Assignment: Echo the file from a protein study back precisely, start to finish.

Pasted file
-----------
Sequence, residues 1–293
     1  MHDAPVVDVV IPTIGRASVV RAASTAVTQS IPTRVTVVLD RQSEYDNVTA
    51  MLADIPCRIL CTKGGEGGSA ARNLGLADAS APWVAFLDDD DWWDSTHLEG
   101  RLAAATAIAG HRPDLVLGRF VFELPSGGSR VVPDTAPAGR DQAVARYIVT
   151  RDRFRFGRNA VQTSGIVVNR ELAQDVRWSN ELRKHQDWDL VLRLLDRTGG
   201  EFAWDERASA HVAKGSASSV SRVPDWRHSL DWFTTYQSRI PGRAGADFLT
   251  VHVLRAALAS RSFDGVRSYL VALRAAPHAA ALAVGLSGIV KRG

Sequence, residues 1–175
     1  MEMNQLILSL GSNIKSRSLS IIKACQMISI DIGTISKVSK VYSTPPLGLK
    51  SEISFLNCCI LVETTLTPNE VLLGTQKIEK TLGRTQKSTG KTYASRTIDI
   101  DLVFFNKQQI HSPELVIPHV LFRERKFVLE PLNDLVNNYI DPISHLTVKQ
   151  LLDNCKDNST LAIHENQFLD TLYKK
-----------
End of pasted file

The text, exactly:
Sequence, residues 1–293
     1  MHDAPVVDVV IPTIGRASVV RAASTAVTQS IPTRVTVVLD RQSEYDNVTA
    51  MLADIPCRIL CTKGGEGGSA ARNLGLADAS APWVAFLDDD DWWDSTHLEG
   101  RLAAATAIAG HRPDLVLGRF VFELPSGGSR VVPDTAPAGR DQAVARYIVT
   151  RDRFRFGRNA VQTSGIVVNR ELAQDVRWSN ELRKHQDWDL VLRLLDRTGG
   201  EFAWDERASA HVAKGSASSV SRVPDWRHSL DWFTTYQSRI PGRAGADFLT
   251  VHVLRAALAS RSFDGVRSYL VALRAAPHAA ALAVGLSGIV KRG

Sequence, residues 1–175
     1  MEMNQLILSL GSNIKSRSLS IIKACQMISI DIGTISKVSK VYSTPPLGLK
    51  SEISFLNCCI LVETTLTPNE VLLGTQKIEK TLGRTQKSTG KTYASRTIDI
   101  DLVFFNKQQI HSPELVIPHV LFRERKFVLE PLNDLVNNYI DPISHLTVKQ
   151  LLDNCKDNST LAIHENQFLD TLYKK